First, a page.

The Thyssen-Bornemisza Museum

 

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From Thyssen-Bornemisza description of the Palacio de Villahermosa:

"Most of the Thyssen-Bornemisza Collection is housed in the Palacio de Vilahermosa, a Neo-classical structure built on the Prado de San Jerónimo in the late eighteen/early nineteenth century.

"The building’s architect was Antonio López Aguado, a pupil of Juan de Villanueva, the architect of the Prado Museum.  Following his master’s example in the nearby Museum, López Aguado harmoniously combines stone and brick on the building’s façade. Its strongly rhythmical disposition is broken only by the Doric portico, which marks the principal entrance.

"In the twentieth century the palace was bought by a bank and its interior totally altered.  Subsequently acquired by the Spanish State, it was used as the temporary exhibition rooms of the Prado before it took on its present function as the home of Thyssen-Bornemisza Collection.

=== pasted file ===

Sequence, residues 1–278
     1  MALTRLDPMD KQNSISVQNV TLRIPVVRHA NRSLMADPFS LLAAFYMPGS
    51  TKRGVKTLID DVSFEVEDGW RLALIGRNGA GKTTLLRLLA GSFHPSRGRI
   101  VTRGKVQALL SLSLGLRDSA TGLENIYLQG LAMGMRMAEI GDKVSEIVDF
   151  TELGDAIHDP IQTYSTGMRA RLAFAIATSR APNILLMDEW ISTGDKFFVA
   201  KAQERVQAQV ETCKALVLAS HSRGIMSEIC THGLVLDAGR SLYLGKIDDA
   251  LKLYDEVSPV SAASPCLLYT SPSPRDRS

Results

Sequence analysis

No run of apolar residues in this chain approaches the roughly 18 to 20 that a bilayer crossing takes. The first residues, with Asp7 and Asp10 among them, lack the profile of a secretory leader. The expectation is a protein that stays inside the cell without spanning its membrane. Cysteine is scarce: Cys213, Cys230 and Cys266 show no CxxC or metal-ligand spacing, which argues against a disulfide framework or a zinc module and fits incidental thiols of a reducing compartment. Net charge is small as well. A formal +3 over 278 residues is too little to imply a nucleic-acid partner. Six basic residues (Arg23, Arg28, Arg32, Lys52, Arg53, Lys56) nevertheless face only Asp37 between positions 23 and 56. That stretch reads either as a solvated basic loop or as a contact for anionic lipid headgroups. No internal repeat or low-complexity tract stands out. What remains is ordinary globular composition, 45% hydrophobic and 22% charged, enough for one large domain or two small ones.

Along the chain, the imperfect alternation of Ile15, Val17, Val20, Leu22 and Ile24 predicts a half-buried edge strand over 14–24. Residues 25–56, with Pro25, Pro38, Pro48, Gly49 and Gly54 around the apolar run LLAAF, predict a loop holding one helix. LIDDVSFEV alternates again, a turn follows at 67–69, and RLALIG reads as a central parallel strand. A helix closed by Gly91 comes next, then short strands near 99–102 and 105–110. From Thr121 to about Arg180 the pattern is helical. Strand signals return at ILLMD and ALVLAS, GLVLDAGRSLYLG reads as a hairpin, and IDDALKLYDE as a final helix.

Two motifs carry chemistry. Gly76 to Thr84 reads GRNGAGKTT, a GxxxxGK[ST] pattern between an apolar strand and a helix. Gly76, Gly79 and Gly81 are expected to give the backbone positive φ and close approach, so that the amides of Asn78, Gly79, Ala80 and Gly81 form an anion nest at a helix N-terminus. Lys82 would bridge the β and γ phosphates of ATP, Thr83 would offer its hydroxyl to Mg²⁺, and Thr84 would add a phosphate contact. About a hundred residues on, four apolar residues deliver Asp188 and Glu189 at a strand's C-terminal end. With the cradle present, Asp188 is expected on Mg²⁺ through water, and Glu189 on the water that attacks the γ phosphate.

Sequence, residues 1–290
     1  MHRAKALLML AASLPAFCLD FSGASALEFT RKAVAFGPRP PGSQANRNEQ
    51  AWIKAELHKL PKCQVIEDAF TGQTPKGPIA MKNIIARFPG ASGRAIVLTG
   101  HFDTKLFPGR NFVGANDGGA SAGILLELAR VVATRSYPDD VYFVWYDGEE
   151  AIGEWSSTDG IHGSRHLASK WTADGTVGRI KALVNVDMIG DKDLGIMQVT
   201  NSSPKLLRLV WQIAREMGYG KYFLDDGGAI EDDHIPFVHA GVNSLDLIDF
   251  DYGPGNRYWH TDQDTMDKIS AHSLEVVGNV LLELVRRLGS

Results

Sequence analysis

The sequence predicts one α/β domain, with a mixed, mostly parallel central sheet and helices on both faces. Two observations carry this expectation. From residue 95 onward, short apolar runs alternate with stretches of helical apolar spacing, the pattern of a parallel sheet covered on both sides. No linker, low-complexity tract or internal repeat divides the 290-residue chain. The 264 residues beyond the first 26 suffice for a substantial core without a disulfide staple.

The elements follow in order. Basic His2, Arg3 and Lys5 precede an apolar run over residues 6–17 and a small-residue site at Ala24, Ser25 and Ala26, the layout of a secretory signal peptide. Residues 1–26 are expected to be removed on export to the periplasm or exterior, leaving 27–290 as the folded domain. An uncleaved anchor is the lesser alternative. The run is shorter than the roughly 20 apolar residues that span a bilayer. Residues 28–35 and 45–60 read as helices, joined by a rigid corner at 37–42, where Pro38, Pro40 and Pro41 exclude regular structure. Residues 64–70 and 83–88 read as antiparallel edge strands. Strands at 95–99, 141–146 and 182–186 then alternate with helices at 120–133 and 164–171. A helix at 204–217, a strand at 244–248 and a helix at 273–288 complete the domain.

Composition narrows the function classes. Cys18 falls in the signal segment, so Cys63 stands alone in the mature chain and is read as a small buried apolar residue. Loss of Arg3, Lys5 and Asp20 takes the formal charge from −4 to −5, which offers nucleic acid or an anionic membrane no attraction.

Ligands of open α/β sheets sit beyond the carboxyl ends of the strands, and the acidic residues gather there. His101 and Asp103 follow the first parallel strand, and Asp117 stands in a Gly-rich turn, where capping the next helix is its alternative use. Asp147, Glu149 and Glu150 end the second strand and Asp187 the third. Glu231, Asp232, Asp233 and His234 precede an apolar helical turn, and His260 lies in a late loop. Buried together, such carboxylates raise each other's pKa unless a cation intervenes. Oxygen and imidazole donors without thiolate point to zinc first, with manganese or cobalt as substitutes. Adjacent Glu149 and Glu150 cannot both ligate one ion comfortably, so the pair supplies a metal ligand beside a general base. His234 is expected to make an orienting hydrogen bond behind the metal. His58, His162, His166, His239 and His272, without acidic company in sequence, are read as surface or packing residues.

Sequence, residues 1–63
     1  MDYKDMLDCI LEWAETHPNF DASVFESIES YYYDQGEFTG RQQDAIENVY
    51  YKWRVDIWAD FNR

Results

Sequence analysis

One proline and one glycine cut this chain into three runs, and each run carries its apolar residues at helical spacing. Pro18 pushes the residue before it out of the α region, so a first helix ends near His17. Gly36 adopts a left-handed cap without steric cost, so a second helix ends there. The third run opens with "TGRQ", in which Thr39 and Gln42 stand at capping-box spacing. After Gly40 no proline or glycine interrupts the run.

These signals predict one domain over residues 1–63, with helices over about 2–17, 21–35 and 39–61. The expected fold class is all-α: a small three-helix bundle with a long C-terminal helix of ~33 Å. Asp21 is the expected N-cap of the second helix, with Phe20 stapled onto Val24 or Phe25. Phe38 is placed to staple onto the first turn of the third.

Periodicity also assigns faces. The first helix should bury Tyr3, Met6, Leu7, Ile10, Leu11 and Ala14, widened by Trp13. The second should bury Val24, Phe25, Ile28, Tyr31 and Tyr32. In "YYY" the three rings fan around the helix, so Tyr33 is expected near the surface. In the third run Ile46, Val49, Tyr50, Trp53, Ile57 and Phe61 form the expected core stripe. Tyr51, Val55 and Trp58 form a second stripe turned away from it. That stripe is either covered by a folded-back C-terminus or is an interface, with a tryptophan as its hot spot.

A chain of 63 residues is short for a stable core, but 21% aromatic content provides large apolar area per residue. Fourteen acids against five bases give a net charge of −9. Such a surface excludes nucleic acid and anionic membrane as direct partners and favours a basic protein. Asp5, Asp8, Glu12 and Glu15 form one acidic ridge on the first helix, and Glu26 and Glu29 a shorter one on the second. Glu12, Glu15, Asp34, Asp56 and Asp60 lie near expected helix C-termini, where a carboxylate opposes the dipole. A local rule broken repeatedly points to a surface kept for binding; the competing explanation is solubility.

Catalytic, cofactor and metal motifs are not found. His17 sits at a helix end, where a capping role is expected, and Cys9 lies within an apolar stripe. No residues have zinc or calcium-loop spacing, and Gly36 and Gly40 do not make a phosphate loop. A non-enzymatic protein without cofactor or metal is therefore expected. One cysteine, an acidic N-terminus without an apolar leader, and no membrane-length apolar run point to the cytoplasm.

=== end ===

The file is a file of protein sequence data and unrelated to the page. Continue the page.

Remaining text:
"The renovation and remodelling of the building was entrusted to the architect Rafael Moneo who, while retaining the exterior, skillfully adapted the interior to fulfill the requirements of its new functions, creating an atmosphere at once both modern and stately as appropriate to a distinguished palace.

"The rooms are arranged over three floors around a large central atrium which allows for a logical circulation and for a well-organized layout of rooms, including those services now considered normal in a modern museum."
 


 

 
 

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This page was prepared and is maintained by R. Victor Jones
Comments to: jones@deas.harvard.edu.

Last updated December 28, 2000